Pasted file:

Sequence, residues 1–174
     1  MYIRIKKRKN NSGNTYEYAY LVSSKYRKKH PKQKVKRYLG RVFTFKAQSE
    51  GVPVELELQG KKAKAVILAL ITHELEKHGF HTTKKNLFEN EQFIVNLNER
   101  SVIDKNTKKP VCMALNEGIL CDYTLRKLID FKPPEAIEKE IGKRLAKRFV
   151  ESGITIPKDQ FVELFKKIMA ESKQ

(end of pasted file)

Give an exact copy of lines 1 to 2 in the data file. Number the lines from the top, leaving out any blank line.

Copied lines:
Sequence, residues 1–174
     1  MYIRIKKRKN NSGNTYEYAY LVSSKYRKKH PKQKVKRYLG RVFTFKAQSE